3. Hi Tai, Thank you for the answer. This prescribed curriculum is common practice in the Netherlands. And the cons are clear, the pros are schools do have to work hard to keep up. (school results on testing are published, so bad schools are known) It does not matter so much on which school a student studies, because for diplomas are standard levels. I am not sure whether pros or cons are in balance. I will think about that. regards Jaap

  4. Hi Tai,Great to learn about your experience. You mentioned that there is some dissonance between the day-to-day and what you are learning and trying to sort out in the course. This sounds challenging. What causes those dissonance? Is openness an opportunity or a disruption in case the of college education? I reckon most colleges are interested in opening learning, but then there are still lots of constraints relating to openness, in view of security and the need of structured and standard curriculum. What do you think would be necessary to overcome those barriers of openness? I think we all share similar concerns and challenges working as educators, especially in this area of openness. John

  5. Hi and thank you Jaap. Your question is very helpful to me. I wasn't even sure what I was getting from the MOOC as I have been following only the bits that interest me. I wasn't even thinking of myself as a student, but obviously I am studying some things. I think of my self as a learner. The learner role for me requires written reflection, even if I don't quite get it. If I just read or watch videos I don't really make good use of the content – I don't learn. I am learning a bit about the possibilities for designing learning and the kinds of tools that are helping learners. Many of those are things that we can do to improve the current delivery and design. We are trying to create learning communities in new programs. One of the most important lessons so far is that higher education ought to invest in the things that Siemens says are not easily duplicated or broadly available: the guidance of a mentor who challenges, guides and supports the learner and the responsible assessment of learning, whether or not it was gained through some ivory tower. Both Siemens and Weller helped with that thinking. I was pretty solid already in prior learning assessment, but what I am finding in the MOOC is helping me think further about new applications for PLA methods. I am trying to think through and write though my thoughts on student learning outcomes assessment. Unless we are careful, it leads to a prescriptive curriculum and I worry the more we measure, the narrower the curriculum becomes. In the MOOC, people are learning the things that matter to them and we don't share the same learning goals and won't have the same outcomes. I see this kind of learning a real challenge to credential in the current climate, but I am hoping to find ways to make it work and reduce costs. When I think about my work, helping faculty design degree programs that can be approved by all of the levels of bureaucracy, there is some dissonance between the day-to-day and what I am learning and trying to sort out in the course. The college I work at is very interested in opening learning. In fact, the original model for the college was the British Open University 40 years ago. I hope what I am learning will help to better understand open learning, which it is to some extent. Anyway thanks for the question and for encouraging me to practice a bit of what you offered in your post. This is a bit more personal than what I have posted. I tend to write essays that are helping me figure things out. Tai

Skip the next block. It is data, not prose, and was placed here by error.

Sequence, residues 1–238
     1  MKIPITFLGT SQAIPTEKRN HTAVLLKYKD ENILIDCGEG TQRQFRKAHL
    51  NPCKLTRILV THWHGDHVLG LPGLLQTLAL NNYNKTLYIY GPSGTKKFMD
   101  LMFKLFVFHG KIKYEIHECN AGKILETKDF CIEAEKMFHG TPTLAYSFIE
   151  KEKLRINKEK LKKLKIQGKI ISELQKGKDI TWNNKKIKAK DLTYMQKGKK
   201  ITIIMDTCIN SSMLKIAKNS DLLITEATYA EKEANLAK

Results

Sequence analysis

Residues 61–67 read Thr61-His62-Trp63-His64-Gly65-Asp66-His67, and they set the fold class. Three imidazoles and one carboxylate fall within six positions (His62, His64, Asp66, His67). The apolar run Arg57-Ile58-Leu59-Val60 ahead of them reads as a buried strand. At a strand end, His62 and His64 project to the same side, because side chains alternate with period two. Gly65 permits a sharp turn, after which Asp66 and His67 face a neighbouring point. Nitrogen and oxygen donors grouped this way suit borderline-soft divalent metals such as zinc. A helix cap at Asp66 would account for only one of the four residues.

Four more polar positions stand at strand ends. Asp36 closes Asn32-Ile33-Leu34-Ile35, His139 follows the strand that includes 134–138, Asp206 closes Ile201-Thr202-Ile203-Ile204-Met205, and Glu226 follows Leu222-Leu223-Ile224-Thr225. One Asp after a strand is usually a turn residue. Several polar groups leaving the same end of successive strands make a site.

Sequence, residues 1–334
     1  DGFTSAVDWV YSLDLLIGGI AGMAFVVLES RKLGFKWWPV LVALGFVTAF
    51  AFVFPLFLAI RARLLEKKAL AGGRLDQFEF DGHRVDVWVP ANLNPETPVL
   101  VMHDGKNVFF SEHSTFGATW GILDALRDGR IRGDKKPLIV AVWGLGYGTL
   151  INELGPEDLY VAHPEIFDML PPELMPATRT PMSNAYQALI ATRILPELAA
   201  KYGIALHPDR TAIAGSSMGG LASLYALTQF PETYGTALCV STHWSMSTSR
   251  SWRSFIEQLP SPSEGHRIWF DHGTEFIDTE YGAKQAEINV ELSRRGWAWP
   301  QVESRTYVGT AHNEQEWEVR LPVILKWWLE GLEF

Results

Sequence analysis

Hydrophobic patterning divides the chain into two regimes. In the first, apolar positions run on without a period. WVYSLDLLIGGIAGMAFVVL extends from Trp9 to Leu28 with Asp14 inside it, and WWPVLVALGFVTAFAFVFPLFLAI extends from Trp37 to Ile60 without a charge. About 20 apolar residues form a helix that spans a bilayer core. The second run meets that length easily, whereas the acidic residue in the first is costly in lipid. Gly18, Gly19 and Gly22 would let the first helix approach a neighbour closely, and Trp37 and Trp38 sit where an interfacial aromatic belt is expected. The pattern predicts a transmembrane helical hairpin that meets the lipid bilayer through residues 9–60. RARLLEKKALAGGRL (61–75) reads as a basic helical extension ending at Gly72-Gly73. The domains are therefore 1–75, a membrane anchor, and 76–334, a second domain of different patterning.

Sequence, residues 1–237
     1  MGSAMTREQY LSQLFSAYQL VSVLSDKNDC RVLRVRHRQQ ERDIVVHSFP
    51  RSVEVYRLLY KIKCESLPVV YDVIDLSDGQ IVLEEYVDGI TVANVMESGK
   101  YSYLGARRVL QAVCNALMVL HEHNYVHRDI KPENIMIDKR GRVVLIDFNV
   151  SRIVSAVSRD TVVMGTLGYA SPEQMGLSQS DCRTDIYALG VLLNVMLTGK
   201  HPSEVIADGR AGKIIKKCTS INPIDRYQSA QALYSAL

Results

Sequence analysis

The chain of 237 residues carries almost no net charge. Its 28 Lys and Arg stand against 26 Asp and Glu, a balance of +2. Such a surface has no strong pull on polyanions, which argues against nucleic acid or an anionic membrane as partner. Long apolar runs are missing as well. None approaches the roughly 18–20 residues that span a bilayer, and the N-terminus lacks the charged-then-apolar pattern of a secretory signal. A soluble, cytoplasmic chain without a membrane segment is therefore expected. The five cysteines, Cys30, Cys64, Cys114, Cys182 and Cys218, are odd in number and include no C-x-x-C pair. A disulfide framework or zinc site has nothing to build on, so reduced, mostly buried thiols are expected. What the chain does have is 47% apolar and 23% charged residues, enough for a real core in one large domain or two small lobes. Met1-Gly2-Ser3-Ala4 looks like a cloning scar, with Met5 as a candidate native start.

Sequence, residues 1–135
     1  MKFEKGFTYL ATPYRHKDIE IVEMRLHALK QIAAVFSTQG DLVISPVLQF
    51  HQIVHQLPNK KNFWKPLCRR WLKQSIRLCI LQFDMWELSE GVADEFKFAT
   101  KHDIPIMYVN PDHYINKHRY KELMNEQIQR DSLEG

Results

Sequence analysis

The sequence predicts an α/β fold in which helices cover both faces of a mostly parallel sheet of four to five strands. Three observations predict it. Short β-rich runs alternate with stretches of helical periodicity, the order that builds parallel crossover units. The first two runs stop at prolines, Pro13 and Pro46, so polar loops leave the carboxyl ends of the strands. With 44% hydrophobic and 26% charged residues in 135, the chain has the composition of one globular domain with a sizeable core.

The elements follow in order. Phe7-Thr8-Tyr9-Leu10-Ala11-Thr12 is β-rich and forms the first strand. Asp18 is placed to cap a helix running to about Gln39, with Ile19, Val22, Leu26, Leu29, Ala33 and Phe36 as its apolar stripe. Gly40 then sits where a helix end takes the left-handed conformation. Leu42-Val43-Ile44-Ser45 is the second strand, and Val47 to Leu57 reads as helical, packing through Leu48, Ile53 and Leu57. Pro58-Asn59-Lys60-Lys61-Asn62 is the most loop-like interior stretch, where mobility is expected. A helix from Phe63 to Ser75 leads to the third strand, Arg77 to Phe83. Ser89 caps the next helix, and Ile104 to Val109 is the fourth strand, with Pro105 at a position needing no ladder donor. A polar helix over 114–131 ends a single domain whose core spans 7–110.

6. Hi Tai, Nice picture of the butterfly.I am curious, does being in a Mooc help you with your work in the school? Developing programs that meet students needs, you say.Does it help being a student yourself now? (I am not a teacher, so I do not know). regards Jaap